Occasionally I’m contacted by deluded purveyors of triathlon gadgetry asking me to test (endorse) their latest products and share my findings with you, the long-suffering reader. I say deluded because even a cursory knowledge of my athletic achievements reveals me as Britain’s number one Tesco Value triathlete.
I should also add that I’m not really a gadget man. While friends buy sleek training wear and download apps that effortlessly synch their Strava knobbery onto shiny phones, I cling doggedly to my indestructible Nokia 6021. It’s possibly a reaction to my childhood because my dad was a gadgetophile, easily dazzled by the latest 1970s tat from K-Tel or Ronco, all of which ended up in the bin.
Triathlon seems to be choc-full of gadgets and very occasionally I’ve succumbed to temptation, buying some daringly-priced product promising to make my cycling less of an endless catastrophe. One such episode saw me parting with ill-earned cash for a chain/sprocket-cleaning device that made my previously silent gearing suddenly sound like a skeleton dancing in a biscuit tin. Since then I’ve avoided the whole sorry business and stuck to the low-tech way of doing things.
So while I can’t bring myself to recommend any gadgets to you, I can certainly use my cynical perspective to tell you which ones to avoid. So here are my top 10 of things you absolutely do not need…
10 Rear bottle cages. See that full drinks bottle lying in the road as you’re riding past? It’s probably there because someone in front of you has a bottle cage behind their saddle. Those bottle-launching rear cages are about as effective at holding on to things as Australian wicket keepers.
9 Essentials Case. Cycling man-purses for carrying your tyre levers, phone, mascara, etc. A sandwich bag in your back pocket does the same job with the advantages of being waterproof, see-through, and not £50.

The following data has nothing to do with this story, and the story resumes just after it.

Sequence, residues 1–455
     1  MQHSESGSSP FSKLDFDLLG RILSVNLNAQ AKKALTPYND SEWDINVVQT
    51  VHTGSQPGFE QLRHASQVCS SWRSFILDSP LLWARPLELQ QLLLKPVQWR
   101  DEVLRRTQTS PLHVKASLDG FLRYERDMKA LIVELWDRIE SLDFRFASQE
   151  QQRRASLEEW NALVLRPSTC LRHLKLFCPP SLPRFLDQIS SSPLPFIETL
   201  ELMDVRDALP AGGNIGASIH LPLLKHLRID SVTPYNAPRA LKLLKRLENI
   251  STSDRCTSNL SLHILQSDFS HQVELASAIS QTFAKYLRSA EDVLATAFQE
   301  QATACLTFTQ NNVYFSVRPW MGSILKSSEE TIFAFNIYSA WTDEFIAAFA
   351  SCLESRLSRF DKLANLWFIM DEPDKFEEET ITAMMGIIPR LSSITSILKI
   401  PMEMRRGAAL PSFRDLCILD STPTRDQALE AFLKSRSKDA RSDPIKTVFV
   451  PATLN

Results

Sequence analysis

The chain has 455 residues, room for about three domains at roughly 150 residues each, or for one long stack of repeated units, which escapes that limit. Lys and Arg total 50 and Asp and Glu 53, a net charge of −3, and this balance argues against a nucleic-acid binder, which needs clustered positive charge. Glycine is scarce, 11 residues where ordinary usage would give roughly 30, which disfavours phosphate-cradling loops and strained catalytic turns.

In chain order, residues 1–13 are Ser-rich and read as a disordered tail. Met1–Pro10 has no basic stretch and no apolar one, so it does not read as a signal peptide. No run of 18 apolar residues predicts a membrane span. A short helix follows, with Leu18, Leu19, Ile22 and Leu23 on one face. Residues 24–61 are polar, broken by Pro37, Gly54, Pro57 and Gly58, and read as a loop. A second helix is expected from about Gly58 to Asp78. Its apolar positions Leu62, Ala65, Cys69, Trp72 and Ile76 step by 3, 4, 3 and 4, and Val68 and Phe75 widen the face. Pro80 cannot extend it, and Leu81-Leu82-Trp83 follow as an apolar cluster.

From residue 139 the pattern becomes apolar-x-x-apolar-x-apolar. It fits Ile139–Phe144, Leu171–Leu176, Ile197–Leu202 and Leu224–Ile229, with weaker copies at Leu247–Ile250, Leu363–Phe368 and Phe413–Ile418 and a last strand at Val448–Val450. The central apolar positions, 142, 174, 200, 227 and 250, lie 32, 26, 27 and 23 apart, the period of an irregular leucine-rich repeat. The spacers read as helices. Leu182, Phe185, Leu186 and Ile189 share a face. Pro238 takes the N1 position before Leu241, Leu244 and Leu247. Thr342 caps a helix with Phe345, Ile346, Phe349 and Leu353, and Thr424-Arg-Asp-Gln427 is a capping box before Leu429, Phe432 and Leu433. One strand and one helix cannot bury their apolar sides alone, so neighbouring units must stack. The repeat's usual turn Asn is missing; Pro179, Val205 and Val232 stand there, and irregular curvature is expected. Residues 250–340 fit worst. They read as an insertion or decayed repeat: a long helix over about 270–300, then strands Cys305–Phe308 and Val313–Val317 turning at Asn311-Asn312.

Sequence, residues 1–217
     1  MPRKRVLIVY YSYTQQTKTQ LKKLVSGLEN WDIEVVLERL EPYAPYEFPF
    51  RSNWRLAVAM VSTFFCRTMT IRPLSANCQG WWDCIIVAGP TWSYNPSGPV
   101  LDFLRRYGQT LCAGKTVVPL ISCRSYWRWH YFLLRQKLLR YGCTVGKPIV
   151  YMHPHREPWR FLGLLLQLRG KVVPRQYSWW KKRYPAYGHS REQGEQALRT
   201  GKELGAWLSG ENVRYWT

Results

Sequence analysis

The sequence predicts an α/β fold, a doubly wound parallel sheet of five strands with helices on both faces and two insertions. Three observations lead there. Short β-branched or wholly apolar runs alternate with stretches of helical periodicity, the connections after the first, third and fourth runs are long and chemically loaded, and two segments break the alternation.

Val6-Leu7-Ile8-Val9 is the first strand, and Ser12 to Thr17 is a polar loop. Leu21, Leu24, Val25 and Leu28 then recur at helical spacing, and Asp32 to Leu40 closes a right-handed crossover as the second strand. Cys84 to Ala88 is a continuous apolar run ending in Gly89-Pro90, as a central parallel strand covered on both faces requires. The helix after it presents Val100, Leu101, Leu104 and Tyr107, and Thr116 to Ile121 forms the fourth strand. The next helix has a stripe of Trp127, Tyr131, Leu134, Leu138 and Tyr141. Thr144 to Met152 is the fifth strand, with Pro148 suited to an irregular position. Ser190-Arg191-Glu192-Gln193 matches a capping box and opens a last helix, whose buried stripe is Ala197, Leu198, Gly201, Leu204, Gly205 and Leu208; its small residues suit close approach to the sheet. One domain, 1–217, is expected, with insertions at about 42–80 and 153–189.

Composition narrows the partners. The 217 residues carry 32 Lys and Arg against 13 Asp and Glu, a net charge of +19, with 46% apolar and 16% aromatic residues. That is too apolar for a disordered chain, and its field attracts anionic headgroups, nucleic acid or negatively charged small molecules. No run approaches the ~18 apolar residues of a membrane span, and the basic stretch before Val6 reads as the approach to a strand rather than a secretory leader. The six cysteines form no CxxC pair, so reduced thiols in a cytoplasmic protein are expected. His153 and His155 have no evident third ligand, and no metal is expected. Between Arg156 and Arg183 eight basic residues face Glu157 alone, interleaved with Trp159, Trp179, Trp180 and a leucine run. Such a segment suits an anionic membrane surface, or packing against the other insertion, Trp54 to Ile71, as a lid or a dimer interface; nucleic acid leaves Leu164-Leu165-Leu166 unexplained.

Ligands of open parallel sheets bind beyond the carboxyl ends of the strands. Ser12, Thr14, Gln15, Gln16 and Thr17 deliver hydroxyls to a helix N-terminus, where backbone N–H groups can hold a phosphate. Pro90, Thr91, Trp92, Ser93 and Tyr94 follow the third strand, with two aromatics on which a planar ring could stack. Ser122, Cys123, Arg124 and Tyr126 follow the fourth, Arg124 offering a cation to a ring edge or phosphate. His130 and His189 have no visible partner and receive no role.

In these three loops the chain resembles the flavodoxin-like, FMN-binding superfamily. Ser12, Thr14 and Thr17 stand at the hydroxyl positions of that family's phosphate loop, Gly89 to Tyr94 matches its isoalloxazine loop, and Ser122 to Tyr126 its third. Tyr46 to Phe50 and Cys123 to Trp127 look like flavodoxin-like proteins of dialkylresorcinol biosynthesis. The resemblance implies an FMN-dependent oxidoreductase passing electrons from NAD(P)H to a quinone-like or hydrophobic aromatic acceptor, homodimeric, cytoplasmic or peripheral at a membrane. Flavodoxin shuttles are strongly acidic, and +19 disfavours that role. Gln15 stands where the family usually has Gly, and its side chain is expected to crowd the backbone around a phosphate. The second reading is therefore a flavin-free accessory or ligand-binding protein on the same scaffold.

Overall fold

8 Five finger/foot gloves. Running shoes that replicate the feeling of barefoot running. Or you could just run barefoot. But remember that man has found ways to cover his feet for the past 40,000 years for very good reasons.
7 A cycling airbag. An inflatable helmet worn around the neck that uses sensors to detect a crash, blowing up to protect your head before impact. It’s yours for a one-use only price of $550.
6 Power Shower Wipes. Portable scented tissues to rub yourself down after that midday run from your shower-less workplace. Alternatively, sink, flannel, armpits, done.
5 Boom Bottle. Looks like a drinks bottle, feels like a drinks bottle, but it’s actually a music system that fits in your bottle cage, playing your favourite motivational songs out loud. Just, no.
4 Swimshine. A ‘multi-tracking activity device’ that attaches to your goggles and synchs to your smart phone, telling you how far you’ve done and what you’ve got left via messages in your ear. I don’t need a gadget for this! I have an evil swimming coach who knows precisely what I’ve done and what I should’ve done by bellowing in my ear.
3 Cycle speaker phone. For the ‘always connected cyclist’ allowing you to take phone calls while you ride – most calls presumably starting along the lines of ‘What’s that panting?’ I’m sure whoever rang me would consider it a real treat to hear me swearing at potholes every 10 words.
2 Rundies. Underpants with a different workout printed on the back to remind you of that day’s session. Quite apart from the misunderstandings that would arise from wandering about with ‘Fartlek’ written across your backside, how will you see what you’re meant to do that day without bending over in front of a mirror? And suppose you have three track sessions in a row? You might think it’s your pace that’s leaving everyone behind but it’s more likely to be the whiff.
1 A thumb bell for runners. ‘Ding ding, runner coming through’. Anyone using one of these deserves to have it forcibly inserted into them and then beaten with a pedal spanner until it rings.
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